Breast Cancer:

April 1, 2006

In this article, I review several interventions that have been shown or are postulated to reduce breast cancer risk in women with no history of the disease; these include chemoprevention, physical activity, weight control, diet, alcohol use, and avoidance of specific carcinogens.

For many years, "breast cancer prevention" for primary care clinicians meant ordering mammograms and ensuring that patients received appropriate follow-up. Certainly, screening for early disease is a crucial component of breast cancer prevention, because tumors found at the in situ or early stage are more amenable to treatment, and mammographic screening has been shown to reduce breast cancer mortality.1

There are now, however, options that clinicians can offer patients to reduce their risk. Modifiable risk factors for breast cancer include alcohol use; a sedentary lifestyle; overweight and obesity; use of menopausal hormone therapy; and certain exposures, such as radiation. Avoidance of these factors, while not proved in clinical trials to reduce risk, is likely to be beneficial. A number of medications have either been approved for breast cancer risk reduction or are undergoing testing, including selective estrogen response modulators and aromatase inhibitors. Women at very high risk for breast cancer, such as those with a genetic predisposition, may wish to consider more definitive measures for prevention, including prophylactic mastectomy and bilateral oophorectomy.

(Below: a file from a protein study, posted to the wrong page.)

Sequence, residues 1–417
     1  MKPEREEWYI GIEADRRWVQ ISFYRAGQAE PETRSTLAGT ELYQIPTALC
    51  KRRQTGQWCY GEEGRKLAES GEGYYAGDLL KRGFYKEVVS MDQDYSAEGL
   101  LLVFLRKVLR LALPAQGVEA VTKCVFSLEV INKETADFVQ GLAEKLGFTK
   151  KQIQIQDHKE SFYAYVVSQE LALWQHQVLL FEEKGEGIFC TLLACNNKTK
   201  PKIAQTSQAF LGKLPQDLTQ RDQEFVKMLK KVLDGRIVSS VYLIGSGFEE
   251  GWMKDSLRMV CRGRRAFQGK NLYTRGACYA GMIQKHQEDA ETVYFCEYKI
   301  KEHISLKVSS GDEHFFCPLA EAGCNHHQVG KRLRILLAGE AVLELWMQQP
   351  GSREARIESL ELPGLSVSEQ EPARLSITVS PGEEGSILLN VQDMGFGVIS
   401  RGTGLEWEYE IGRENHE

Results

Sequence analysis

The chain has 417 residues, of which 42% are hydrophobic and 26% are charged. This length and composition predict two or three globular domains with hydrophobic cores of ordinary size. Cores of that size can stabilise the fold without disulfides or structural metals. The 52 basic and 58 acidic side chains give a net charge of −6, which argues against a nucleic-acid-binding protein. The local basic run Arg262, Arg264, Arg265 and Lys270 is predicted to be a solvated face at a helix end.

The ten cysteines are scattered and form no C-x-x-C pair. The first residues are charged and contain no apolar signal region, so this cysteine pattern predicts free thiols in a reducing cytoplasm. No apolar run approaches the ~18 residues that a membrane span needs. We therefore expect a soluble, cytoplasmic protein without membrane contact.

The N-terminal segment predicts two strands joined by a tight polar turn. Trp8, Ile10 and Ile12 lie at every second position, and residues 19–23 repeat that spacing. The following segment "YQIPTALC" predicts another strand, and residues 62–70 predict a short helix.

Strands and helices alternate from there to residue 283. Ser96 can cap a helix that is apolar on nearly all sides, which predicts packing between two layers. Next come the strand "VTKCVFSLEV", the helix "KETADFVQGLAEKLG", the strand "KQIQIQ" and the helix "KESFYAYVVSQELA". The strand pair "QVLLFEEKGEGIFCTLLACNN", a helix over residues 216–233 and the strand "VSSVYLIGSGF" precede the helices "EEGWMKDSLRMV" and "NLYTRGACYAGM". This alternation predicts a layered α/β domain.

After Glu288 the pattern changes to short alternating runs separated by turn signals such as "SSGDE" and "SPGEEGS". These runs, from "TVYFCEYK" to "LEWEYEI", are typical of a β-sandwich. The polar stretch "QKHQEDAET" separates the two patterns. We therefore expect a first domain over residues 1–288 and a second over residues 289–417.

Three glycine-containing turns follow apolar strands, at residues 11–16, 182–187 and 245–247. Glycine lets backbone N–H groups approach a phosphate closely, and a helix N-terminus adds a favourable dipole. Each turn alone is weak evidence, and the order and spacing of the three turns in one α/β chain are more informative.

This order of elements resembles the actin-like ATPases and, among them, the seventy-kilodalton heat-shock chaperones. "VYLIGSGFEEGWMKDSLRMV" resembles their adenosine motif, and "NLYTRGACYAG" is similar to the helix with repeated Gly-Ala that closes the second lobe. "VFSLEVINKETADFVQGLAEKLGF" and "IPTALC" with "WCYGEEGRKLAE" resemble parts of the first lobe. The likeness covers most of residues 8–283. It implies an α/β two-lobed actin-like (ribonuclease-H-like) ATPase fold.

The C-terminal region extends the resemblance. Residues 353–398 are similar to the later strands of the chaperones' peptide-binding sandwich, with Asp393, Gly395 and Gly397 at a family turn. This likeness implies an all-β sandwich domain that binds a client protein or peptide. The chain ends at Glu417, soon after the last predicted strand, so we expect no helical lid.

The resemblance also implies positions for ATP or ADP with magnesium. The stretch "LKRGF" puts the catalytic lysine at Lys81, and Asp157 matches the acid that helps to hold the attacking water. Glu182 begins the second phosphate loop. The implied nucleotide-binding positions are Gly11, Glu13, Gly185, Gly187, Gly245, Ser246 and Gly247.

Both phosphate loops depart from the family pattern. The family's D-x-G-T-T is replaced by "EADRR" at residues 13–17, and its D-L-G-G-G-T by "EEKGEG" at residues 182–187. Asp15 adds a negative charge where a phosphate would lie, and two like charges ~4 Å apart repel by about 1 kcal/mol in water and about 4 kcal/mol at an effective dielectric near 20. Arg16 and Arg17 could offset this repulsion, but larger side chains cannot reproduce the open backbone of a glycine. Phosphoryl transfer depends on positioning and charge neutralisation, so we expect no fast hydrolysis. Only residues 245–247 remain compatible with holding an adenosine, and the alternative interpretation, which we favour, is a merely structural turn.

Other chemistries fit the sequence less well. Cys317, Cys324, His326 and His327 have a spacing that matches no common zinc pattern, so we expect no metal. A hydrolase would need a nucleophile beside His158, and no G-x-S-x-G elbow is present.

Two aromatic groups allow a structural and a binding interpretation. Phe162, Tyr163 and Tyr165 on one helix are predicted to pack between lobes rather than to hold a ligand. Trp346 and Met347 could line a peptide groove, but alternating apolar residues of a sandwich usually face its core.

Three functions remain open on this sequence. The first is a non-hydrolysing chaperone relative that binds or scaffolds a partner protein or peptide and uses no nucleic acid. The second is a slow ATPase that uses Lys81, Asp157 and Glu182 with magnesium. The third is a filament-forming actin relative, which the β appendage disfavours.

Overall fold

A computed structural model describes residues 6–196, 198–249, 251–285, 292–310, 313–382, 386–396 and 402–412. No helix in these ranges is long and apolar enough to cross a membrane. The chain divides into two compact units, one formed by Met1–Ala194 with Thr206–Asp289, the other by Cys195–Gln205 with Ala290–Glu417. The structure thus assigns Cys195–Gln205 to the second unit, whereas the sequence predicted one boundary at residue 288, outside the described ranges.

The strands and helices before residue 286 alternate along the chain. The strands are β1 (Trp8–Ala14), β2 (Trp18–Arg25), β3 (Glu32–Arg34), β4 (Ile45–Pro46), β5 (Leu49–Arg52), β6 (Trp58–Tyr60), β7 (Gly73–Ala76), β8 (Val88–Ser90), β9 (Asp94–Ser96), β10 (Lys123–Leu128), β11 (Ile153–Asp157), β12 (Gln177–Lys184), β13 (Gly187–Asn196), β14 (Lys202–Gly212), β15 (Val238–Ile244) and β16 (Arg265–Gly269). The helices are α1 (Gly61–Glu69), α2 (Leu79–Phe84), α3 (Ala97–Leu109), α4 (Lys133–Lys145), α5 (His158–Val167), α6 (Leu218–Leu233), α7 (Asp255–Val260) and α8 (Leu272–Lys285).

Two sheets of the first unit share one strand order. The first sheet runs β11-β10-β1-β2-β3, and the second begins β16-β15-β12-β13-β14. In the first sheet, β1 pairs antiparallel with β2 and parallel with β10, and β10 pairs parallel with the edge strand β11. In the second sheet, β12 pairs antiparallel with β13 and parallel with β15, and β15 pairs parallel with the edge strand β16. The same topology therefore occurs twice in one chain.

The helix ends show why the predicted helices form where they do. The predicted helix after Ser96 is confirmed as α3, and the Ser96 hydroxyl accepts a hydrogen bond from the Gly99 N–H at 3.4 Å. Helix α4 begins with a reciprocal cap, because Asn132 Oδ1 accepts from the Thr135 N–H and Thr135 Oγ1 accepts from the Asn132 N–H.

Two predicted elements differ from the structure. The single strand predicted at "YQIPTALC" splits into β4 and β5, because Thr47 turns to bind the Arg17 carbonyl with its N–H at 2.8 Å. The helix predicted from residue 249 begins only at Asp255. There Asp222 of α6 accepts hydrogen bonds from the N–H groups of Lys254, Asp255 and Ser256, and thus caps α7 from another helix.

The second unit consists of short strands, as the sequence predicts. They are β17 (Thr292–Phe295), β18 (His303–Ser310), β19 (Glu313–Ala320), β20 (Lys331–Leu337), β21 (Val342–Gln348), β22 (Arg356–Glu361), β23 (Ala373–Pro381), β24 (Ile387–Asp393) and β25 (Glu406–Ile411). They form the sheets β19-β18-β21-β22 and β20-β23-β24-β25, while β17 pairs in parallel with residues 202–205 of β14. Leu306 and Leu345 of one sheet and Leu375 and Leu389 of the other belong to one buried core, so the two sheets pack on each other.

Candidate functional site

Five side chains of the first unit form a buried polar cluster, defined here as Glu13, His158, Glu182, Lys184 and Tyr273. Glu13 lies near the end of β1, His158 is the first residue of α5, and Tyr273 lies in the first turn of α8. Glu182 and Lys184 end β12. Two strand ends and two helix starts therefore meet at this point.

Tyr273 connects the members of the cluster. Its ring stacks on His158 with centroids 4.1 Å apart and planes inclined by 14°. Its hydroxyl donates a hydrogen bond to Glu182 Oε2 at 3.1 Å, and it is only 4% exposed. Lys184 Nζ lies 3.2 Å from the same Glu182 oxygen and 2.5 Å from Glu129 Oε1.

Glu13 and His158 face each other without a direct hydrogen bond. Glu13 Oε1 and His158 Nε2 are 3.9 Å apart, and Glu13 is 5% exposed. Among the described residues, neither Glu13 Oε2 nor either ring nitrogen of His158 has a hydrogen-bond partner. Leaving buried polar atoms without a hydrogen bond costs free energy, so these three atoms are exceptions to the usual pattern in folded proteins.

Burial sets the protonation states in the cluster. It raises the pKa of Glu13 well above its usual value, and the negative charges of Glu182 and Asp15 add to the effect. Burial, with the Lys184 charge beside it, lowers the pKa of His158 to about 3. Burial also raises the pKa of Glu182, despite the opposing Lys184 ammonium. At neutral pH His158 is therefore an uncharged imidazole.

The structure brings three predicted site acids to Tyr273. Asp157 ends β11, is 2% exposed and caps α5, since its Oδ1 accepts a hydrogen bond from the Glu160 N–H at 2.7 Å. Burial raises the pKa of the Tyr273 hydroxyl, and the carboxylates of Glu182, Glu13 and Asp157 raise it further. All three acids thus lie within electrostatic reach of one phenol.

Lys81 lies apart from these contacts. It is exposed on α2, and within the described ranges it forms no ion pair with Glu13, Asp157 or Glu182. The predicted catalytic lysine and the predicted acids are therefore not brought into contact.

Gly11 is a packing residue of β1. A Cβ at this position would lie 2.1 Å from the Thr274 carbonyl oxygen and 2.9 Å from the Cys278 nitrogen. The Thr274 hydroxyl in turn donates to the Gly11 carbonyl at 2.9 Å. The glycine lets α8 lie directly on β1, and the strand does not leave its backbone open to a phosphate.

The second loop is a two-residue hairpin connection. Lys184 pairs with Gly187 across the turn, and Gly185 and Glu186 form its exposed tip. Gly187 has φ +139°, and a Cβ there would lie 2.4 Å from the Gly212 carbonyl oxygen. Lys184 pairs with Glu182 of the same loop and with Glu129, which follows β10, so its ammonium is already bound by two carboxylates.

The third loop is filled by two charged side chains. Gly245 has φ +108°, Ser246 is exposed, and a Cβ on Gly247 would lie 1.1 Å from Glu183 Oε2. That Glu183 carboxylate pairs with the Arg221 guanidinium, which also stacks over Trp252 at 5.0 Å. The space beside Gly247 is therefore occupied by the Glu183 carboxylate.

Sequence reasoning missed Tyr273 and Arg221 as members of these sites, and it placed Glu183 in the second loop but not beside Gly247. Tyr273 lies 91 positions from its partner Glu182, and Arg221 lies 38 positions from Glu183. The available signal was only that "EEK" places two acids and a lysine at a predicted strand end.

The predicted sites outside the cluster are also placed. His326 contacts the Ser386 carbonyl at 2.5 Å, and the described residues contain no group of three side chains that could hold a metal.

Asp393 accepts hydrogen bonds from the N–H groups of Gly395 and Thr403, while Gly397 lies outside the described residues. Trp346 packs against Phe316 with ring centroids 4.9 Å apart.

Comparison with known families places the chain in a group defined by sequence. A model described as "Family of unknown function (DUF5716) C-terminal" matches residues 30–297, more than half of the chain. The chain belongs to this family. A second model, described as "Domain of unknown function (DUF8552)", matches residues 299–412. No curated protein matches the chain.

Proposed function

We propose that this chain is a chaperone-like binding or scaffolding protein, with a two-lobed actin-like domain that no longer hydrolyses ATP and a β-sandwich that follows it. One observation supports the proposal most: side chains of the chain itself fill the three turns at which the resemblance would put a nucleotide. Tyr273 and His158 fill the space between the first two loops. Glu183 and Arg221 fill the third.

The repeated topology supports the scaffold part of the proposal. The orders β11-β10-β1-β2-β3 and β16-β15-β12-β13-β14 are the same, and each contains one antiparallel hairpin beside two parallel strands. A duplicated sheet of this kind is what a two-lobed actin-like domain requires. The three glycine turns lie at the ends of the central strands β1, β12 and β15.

In this article, I review several interventions that have been shown or are postulated to reduce breast cancer risk in women with no history of the disease; these include chemoprevention, physical activity, weight control, diet, alcohol use, and avoidance of specific carcinogens.

Table 1 - Medications approved or under testing for breast cancer risk reduction

MedicationFDA-approved for risk reduction?Status of testingAdverse effects (known or postulated)

SERMs
TamoxifenYesPrevention trials completedEndometrial cancer, stroke, PE/DVT, cataracts, hot flashes, vaginal symptoms

RaloxifeneNoNCI STAR Trial results due 2008-2009; RUTH trial due to be completed in 2005Stroke, PE/DVT, hot flashes

AromataseInhibitors
ExemestaneNoNCI Canada ExCel Trial results due laterOsteoporosis, fractures, bone/muscle pain

AnastrozoleNoApreS trial results due laterOsteoporosis, fractures, bone/muscle pain

SERM, selective estrogen receptor modulator; PE, pulmonary embolism; DVT, deep venous thrombosis; NCI, National Cancer Institute; STAR, Study of Tamoxifen And Raloxifene; RUTH, Raloxifene Use for The Heart; ApreS, Aromasin Prevention Study.

TAMOXIFEN

The American Society for Clinical Oncology (ASCO) published guidelines in 2002 for the use of medications to reduce the risk of breast cancer,2 and more recent reviews have been published (Table 1).3

Benefits. For women with a 5-year projected breast cancer risk of 1.66%, tamoxifen (20 mg/d for 5 years) may be offered to reduce risk and is FDA-approved for this purpose. Benefit-versus-risk models suggest that the greatest clinical benefit with the fewest side effects is seen in younger (premenopausal) women (in whom the adverse events of thromboembolic disease and uterine cancer are less likely to develop), women without a uterus, and women at higher breast cancer risk. However, there is no evidence that tamoxifen provides an overall health benefit or increases survival.

Statisticians at the National Cancer Institute have estimated that of the more than 65 million American women aged 35 to 79 years in 2000, more than 10 million (15.5%) would be eligible for tamoxifen treatment for breast cancer risk reduction.4 A smaller percentage, 4.9%, would be expected to have a positive benefit-versus-risk ratio. The benefit-versus-risk ratio varied greatly by race and ethnicity, with the greatest benefit expected in white women.